Results of the tests:

The results were alarming!! The new type of baggage check equipment damaged every film from 100 ASA up. The film turns hazy and objects that are positioned in front of the film while scanned turn up on the film. On full rolls of film (but not yet developed) the damage – depending on the motif – can be minor.


(Film safety for traveling on planes)

Leading picture, film and travel experts in the USA have gathered to form a committee called "FSTOP" (Film safety for traveling on planes). This group uses its influence to inform the public which photographs of the dangers on possible damage to film material.

In a survey conducted recently by "National Family Opinion" with travelers who take a private trip at least once a year only 9% of the questioned thought it possible that baggage scanners could damage film material at airports. A third of the interviewed air travelers had heard about airport baggage scanners that could damage film material but could not imagine how and in what way or how to protect their films against this. (The survey results were published last year by the FAA – Federal Aviation Administration – and the film manufacturers).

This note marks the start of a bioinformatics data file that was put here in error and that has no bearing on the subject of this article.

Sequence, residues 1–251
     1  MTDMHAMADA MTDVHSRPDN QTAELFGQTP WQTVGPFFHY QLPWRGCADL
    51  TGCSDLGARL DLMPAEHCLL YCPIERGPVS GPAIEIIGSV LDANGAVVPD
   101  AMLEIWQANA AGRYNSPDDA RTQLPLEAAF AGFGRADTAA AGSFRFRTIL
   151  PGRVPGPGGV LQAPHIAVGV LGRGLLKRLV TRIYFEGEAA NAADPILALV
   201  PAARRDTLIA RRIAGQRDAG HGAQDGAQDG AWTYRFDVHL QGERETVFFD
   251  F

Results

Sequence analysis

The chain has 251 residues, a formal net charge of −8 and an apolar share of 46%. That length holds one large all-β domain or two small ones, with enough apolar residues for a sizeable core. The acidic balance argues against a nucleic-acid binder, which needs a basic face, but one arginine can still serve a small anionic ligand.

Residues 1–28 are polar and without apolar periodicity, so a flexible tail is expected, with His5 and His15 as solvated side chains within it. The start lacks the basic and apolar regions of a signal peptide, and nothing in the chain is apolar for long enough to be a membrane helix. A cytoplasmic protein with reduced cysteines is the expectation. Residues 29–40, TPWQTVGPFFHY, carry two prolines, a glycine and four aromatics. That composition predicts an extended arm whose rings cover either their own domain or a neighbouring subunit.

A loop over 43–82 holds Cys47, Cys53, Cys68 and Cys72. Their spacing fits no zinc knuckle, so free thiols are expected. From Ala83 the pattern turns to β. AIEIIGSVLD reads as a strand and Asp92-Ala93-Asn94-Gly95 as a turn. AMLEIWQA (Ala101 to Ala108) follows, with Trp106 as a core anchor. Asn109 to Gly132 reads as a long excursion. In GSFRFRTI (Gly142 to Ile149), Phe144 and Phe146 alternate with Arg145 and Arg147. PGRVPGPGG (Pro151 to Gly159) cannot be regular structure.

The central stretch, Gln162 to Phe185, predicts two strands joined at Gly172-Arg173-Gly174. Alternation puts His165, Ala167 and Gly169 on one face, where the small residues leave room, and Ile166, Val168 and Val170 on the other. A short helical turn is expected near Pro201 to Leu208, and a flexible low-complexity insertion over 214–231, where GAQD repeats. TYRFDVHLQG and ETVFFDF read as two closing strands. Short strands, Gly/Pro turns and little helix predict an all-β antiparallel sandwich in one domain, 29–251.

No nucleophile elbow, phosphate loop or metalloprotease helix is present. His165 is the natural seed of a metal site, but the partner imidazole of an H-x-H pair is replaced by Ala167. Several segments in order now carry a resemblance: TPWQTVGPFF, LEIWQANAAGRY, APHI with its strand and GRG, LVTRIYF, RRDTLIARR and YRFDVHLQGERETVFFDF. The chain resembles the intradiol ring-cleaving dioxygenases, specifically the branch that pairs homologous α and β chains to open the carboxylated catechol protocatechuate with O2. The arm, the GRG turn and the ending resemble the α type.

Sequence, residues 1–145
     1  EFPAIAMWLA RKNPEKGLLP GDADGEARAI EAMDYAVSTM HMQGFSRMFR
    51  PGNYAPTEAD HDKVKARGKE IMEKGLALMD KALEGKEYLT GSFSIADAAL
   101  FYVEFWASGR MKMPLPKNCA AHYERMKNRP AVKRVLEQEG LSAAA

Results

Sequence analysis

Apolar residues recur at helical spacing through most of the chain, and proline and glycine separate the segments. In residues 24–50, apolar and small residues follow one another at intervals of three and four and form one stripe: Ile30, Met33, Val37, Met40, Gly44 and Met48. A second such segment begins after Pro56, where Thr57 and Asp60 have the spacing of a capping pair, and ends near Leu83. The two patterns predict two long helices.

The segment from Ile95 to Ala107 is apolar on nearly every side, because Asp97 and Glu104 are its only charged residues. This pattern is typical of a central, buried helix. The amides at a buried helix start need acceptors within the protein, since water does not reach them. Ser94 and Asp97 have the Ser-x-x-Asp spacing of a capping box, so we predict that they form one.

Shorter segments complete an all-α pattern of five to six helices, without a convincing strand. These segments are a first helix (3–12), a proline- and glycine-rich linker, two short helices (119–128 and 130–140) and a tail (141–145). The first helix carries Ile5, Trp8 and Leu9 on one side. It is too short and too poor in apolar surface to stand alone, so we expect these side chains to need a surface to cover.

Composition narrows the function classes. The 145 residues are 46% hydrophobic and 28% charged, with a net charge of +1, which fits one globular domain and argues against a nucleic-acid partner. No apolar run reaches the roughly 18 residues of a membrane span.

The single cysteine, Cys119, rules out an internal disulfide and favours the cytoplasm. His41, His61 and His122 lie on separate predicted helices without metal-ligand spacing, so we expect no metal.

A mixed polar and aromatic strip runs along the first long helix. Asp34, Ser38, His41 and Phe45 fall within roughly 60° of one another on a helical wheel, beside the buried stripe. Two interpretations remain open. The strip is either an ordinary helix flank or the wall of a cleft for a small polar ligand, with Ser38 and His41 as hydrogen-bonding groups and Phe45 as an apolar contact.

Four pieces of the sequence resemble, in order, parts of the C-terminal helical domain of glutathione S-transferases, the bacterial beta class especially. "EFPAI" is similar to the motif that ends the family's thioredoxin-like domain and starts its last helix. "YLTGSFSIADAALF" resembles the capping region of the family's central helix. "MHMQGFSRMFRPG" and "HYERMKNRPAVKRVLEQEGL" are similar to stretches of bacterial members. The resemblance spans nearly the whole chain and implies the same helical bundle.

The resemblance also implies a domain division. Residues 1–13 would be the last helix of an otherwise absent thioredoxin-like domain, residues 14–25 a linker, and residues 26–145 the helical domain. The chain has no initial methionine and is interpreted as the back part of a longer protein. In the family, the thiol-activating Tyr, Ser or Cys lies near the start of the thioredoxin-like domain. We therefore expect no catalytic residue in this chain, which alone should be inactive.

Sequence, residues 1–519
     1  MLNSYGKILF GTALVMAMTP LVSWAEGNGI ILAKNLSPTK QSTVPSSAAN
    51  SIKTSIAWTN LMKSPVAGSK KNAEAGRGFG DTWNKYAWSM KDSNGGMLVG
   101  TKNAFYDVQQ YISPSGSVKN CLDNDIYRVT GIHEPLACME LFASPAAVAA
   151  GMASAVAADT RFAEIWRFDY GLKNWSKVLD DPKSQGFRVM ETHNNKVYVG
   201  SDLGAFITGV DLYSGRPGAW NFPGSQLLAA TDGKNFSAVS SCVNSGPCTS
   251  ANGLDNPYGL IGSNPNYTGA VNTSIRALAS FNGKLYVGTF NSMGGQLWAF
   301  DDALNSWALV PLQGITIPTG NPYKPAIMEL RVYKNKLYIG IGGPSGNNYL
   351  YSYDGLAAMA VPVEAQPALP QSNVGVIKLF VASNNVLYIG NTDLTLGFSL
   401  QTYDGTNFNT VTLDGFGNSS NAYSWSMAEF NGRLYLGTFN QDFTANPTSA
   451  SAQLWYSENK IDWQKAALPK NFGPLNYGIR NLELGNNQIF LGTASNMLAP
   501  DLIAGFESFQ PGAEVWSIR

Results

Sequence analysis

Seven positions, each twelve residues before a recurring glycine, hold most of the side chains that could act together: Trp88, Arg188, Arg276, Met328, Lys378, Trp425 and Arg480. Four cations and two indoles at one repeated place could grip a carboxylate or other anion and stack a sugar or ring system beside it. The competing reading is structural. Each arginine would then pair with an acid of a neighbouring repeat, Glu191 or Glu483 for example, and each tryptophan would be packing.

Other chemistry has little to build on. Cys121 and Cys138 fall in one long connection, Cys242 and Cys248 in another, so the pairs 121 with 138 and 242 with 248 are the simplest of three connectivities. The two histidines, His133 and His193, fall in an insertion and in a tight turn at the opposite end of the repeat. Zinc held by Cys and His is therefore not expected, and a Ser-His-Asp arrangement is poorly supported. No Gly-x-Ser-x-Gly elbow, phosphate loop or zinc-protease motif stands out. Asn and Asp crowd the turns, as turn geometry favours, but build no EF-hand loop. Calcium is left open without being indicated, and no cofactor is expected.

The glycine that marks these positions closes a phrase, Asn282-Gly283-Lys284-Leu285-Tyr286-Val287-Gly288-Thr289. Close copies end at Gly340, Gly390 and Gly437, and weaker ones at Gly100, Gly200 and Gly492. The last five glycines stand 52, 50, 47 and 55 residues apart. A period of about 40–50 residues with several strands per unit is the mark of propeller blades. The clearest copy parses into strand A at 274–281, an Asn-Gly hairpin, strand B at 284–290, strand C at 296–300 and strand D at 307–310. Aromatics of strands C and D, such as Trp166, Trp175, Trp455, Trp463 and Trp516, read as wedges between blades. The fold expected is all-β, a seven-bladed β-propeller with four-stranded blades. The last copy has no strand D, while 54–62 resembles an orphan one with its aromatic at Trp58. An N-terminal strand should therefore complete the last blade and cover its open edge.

"We basically welcome all improved security devices because they make air travel safer" Michael Jacobs, Chairman of FSTOP emphasizes "but there is still confusion on how travelers should handle their film material in the new security environment. The awareness of possible danger is too small so that our group would like to strengthen this awareness in photographers and the public, since damaged photos can be very disappointing in amateurs and professionals alike."

As a first step, FSTOP has published guidelines for travelers with slide or film material:

For travelers that carry less than 20 rolls :

For travelers that carry more than 20 rolls :